Could you be going about your fitness routine all wrong?
Regarding exercise, it’s very common in our society to hear people say that they are “headed to the gym”, “working out”, “taking a class” or “going on a run”. But what do these things really mean?
When it comes to exercise, people tend to be creatures of habit and will gravitate to the same type of exercise day after day. Of course regular exercise is good for you, but many don’t realize how important it is to vary the daily workout style. Not only will it strengthen different muscle groups, stimulate healthy brain activity and avoid overuse injuries … but studies show that it prevents exercise plateaus, greatly enhances your fitness level and keeps you committed to a workout routine much longer than those who do the same type of workout every single session.
Most people already know that it’s important to exercise your heart and lungs by engaging in cardiovascular activity, but many people are missing the mark on adding strength training, balance work, core stability exercises, flexibility and recovery to their workouts. All of these components are key to living a long and happy life free of injury and chronic pain. Also, adding variety to your workouts keeps your body guessing so you’ll burn more calories in the end, stay focused on your goals and avoid boredom. Most importantly, because you are constantly having to adjust and re-adjust to new exercise patterns and movements, it prevents overuse and pain in your muscles and joints. The human body is meant to react to changing environments and terrain. Pounding your legs on the treadmill or clipping in on the bike day after day is really not the best use of your time.
An example of an effective workout routine should look something like this:
Monday – Interval-style workout that alternates cardio bursts and strength training exercises that focuses on the major muscle groups
Tuesday – Cardio Kickboxing fitness class
Wednesday – Interval-style training that alternates cardio bursts and exercises that focuses on core and balance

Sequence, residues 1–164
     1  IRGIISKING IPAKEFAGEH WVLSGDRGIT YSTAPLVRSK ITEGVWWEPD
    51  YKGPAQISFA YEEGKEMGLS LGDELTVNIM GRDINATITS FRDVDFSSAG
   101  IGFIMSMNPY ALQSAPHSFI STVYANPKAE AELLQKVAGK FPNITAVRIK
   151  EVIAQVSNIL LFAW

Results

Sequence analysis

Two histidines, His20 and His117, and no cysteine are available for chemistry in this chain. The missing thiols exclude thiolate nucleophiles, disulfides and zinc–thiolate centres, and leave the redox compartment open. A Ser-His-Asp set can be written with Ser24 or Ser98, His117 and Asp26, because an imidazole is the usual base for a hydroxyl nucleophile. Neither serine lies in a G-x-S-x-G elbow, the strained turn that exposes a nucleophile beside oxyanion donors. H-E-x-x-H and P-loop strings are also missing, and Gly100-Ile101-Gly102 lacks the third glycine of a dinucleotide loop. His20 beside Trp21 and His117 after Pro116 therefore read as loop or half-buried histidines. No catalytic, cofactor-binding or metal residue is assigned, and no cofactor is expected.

Thursday – Yoga and/or foam rolling recovery and flexibility work
Friday – Dance-based fitness class
Saturday – Steady state cardio + resistance strength training (like a Barre class) that focuses on the smaller muscle groups and connective tissue
Sunday – Rest
This one-week example focuses on lots of different things, so the calorie-burn and intensity level is effective enough for achieving healthy and lasting weight loss, improving brain function, preventing injuries and enhancing functionality in everyday life (not to mention how fantastic you’ll look in a bathing suit!).
It’s also important to pick things that you genuinely enjoy! If you love music and dance, a dance-based cardio class is a great choice. If you like a physical challenge, a group HIIT class will give you the chance to push yourself to new levels. Or maybe a barefoot workout on the mat will provide that much-needed time to unwind and unplug.
In the end, the most important thing is to add variety and do something different as many times in your week as you can. And if you are just starting out, seek advice from a Certified Fitness Professional and commit to 2-3 workouts per week. Try to add more creative and effective workouts over time. Surround yourself with like-minded people that can act as your accountability partners who will encourage you to come back day after day and explore new forms of exercise styles.